Weekly Thought – August 27, 2019
Fred studied for a lifetime. Although he was unable to attend college, lacking the necessary funding, he embodied “life long learner.” He and Mary Alice believed in higher education providing a way for their three children to each have undergraduate and graduate degrees. He committed himself to getting older, but never old. His mind stayed sharp until the closing hours as his body shut down. Ever the student, he concentrated on human relations, even his own family.
BWFLI is in the final planning stages for the What’s Next Roundtable at Palm Beach University in November. Please keep the team in your prayers. We see more than ever the importance of building into the lives of our Christian colleges and universities. Your financial support is greatly appreciated.
As a business executive I focus heavily on production. When I was young and growing in the corporation I learned about manufacturing. Later in life when I started the food packaging brokerage I employed many of the principles learned at an early age in shoe and apparel plants.
For most of my business life I have clearly understood “results are the only excuse for activity.” Accomplishment and productivity are my yardstick.
At 60 I experienced a tremendous shift in my thinking. I began learning how to define productivity in the family. That sounds strange, doesn’t it?
Our son pointed out to me my philosophy of management worked well in the office, but not so well at home. “You run the family like you run the business. You are the President and CEO. Mom serves as Vice President (with a direct line of report to you) and each of the kids has a job description.”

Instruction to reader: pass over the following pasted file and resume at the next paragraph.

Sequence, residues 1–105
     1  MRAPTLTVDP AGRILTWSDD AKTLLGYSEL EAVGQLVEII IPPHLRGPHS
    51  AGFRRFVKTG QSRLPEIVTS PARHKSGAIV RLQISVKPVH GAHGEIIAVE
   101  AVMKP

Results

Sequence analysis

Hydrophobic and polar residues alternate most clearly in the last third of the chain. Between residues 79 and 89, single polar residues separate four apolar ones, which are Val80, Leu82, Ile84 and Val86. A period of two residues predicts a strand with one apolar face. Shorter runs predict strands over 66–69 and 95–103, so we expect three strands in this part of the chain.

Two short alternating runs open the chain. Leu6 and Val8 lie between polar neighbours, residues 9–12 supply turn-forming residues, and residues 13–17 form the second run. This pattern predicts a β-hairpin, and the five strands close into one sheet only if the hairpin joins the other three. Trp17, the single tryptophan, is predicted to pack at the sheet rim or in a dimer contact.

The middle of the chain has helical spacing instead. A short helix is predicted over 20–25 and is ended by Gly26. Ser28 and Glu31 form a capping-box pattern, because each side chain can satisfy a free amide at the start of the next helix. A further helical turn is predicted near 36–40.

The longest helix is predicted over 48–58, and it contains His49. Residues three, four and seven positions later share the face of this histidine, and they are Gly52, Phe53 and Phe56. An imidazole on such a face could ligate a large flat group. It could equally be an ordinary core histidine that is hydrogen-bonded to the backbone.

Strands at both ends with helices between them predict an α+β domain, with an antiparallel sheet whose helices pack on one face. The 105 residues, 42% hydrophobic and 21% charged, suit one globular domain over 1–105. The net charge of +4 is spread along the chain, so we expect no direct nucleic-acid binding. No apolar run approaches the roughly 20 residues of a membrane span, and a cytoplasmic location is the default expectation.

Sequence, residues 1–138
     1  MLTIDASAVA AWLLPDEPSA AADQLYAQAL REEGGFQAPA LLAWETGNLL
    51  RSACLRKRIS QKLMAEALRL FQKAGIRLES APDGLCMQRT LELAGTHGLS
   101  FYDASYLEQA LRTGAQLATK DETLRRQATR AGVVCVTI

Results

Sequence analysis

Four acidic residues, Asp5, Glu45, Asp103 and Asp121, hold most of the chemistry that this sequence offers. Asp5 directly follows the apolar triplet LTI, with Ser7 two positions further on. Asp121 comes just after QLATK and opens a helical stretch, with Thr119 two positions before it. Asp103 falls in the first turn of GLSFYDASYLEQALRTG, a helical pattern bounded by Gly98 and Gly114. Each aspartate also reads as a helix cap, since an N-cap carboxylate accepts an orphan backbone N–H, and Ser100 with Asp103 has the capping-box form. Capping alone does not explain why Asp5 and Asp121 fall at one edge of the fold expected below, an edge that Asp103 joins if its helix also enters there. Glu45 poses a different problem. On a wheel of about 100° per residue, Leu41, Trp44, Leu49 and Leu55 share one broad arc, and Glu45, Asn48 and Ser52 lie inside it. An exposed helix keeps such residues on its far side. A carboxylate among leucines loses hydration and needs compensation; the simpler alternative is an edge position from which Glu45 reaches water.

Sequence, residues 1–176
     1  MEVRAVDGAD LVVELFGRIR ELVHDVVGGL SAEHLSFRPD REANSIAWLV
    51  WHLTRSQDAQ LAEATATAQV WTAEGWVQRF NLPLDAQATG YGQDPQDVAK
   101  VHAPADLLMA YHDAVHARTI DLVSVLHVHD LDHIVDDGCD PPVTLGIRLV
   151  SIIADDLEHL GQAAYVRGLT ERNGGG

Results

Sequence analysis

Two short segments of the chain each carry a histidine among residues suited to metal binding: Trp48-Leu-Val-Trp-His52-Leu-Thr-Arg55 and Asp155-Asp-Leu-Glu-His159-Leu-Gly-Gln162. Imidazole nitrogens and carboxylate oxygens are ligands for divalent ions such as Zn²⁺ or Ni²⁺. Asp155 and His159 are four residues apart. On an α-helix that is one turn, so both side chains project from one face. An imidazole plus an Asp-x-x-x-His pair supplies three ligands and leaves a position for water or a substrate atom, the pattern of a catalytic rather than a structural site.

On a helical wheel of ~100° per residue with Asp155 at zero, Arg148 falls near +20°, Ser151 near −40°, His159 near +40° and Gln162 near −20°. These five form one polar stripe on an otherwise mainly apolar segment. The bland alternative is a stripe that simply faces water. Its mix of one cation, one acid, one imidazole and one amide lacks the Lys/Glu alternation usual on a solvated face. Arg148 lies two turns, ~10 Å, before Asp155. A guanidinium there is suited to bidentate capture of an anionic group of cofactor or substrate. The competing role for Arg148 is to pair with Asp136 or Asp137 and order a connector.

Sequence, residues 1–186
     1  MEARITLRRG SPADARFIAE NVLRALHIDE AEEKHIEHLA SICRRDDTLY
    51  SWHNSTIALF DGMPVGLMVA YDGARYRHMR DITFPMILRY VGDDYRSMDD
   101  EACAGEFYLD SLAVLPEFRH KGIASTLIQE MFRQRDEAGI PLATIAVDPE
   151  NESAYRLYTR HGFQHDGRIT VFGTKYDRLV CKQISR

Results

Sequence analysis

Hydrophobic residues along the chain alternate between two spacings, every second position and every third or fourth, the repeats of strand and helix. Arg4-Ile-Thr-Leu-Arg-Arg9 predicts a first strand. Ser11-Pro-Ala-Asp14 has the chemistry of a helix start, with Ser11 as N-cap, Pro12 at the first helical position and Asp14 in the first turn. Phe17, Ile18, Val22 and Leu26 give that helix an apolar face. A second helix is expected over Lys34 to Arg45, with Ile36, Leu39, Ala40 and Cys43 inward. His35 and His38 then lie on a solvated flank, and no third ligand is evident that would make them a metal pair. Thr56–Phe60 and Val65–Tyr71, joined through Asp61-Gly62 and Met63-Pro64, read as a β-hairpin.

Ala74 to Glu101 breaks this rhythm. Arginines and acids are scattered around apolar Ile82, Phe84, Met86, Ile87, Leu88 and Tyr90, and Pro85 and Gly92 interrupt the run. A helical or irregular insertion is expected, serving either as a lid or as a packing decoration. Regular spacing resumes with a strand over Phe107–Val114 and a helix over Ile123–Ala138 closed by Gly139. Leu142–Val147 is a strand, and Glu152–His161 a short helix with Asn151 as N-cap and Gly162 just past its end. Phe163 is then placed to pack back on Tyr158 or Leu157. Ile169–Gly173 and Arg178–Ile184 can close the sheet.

It never occurred to me that the family didn’t run that way. Business consultants talk about “metrics and measurements.” I completely understood that. What I totally missed and misunderstood was the outcome desired for the family. I realized my learning about this was just beginning.
Providing, spiritually leading, creating a stimulating environment – all these were in “my wheelhouse,” as the young ones say. I failed to stop and properly evaluate the genuine outcome.
After several years of arduous study and yes, struggle, I came to this conclusion: the production of the family is relationship. I am doing my best to change, but it is very difficult. All of your reflexes, all your habits, all your thought patters, all your experiences have been under a different system and its almost like a spiritual conversion. You have to become a new person.
I felt very vulnerable during this process. I encountered new experiences, made new decisions – all without the years I had with the old “run it like a business model.” I took the “by appointment only” attitude and replaced it with a desire to be part of the family. I have to admit I have yet to come to the point of sitting down and watching TV, but I no longer cluck my tongue as I pass through the room on the way to my study to do “serious work.”
Interestingly, our grandchildren were the first to notice – and benefit. They recognized I valued being with them, not just instructing, or leading from the top of the org chart.
I haven’t given up the burning desire for productivity, but I have redefined it. Relationship is now the desired outcome.
This week think about: 1) How do I measure success in the family? 2) What does accomplishment and productivity look like to me? 3) What can I begin learning right now?
Words of Wisdom: “Relationship is the production of a home.”
Wisdom from the Word: “And let us take thought of how to spur one another on to love and good works.” (Hebrews 10:24 NET Bible)